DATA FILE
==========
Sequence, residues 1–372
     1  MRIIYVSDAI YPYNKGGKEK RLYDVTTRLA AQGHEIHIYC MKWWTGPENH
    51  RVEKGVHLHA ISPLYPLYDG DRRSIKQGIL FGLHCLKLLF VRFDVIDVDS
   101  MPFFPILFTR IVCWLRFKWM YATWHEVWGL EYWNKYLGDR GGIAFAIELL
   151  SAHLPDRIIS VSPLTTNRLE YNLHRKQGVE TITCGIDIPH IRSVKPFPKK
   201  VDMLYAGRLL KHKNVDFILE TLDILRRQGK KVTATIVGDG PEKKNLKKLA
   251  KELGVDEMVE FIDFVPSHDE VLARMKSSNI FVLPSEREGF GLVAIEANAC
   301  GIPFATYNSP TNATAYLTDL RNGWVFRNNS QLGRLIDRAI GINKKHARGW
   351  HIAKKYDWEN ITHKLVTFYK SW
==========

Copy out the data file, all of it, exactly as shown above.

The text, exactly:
Sequence, residues 1–372
     1  MRIIYVSDAI YPYNKGGKEK RLYDVTTRLA AQGHEIHIYC MKWWTGPENH
    51  RVEKGVHLHA ISPLYPLYDG DRRSIKQGIL FGLHCLKLLF VRFDVIDVDS
   101  MPFFPILFTR IVCWLRFKWM YATWHEVWGL EYWNKYLGDR GGIAFAIELL
   151  SAHLPDRIIS VSPLTTNRLE YNLHRKQGVE TITCGIDIPH IRSVKPFPKK
   201  VDMLYAGRLL KHKNVDFILE TLDILRRQGK KVTATIVGDG PEKKNLKKLA
   251  KELGVDEMVE FIDFVPSHDE VLARMKSSNI FVLPSEREGF GLVAIEANAC
   301  GIPFATYNSP TNATAYLTDL RNGWVFRNNS QLGRLIDRAI GINKKHARGW
   351  HIAKKYDWEN ITHKLVTFYK SW